Sajid Javid defends ‘economic relationship’ with Saudi Arabia after country executes 81 people in single day

“While it is to be welcomed that we don’t send money to Putin of course, would we want to deals with the Saudis, noting their human rights record?”

Sajid Javid speaking on the Health and Care Bill in the House of Commons

Health Secretary Sajid Javid has defended the UK’s ‘economic relationship’ with Saudi Arabia, despite the country executing a record 81 people in single day, the largest mass execution by the kingdom for decades.

It comes as question marks are raised about the government’s relationship with Saudi Arabia despite its poor human rights record.

As the UK moves away from Russian oil and gas following Putin’s invasion of Ukraine, the government is being asked about its consistency towards human rights, as Boris Johnson jets off to Saudi Arabia to plead for an oil supply boost.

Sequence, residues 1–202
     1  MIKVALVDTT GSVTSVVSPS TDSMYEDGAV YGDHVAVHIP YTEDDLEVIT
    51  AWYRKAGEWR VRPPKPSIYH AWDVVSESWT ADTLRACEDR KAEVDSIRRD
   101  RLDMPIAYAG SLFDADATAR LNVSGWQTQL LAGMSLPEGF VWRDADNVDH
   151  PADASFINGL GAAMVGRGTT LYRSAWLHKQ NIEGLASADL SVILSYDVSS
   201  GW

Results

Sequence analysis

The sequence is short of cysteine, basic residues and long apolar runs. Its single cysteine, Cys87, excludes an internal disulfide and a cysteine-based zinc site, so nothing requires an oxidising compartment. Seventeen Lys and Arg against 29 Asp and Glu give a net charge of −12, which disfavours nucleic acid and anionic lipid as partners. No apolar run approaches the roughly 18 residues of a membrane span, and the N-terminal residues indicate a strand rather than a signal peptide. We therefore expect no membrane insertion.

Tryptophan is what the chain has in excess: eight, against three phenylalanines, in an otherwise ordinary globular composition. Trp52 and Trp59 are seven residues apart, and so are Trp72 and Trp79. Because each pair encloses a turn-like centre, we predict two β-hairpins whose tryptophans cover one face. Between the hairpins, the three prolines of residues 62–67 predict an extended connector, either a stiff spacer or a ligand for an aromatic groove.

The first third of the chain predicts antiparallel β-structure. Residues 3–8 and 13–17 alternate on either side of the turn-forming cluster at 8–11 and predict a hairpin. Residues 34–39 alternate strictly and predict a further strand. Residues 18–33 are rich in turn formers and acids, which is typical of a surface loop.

Saudi Arabia has also been accused of war crimes in Yemen, with the country intensifying attacks in recent weeks, targeting civilian infrastructure. More than 100,000 people have been killed in the conflict and 4 million have been displaced, human rights groups say.

LBC presenter Nick Ferrari asked Javid about how the government could justify relations with Saudi Arabia: “While it is to be welcomed that we don’t send money to Putin of course, would we want to deals with the Saudis, noting their human rights record?”

Javid replied: “We don’t agree with their approach on human rights, we’re always right to call that out and to talk to them frankly about that, at the same time, it is also possible to have an economic relationship, whether people like it or not Saudi Arabia is the world’s largest producer of crude oil.”

It comes as Saudi Arabia executed 81 men on Saturday, which the BBC reported was more than the whole of last year.

Human rights groups say that many don’t receive fair trials. Among those executed were those accused of ‘plotting attacks on vital economic targets, killing or targeting members of the security forces, kidnapping, torture, rape and smuggling weapons into the country.’

Basit Mahmood is editor of Left Foot Forward

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